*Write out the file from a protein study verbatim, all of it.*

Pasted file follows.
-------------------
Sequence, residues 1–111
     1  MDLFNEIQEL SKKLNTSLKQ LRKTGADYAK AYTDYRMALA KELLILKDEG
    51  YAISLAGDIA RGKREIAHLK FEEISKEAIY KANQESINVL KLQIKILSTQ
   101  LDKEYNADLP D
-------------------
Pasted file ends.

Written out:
Sequence, residues 1–111
     1  MDLFNEIQEL SKKLNTSLKQ LRKTGADYAK AYTDYRMALA KELLILKDEG
    51  YAISLAGDIA RGKREIAHLK FEEISKEAIY KANQESINVL KLQIKILSTQ
   101  LDKEYNADLP D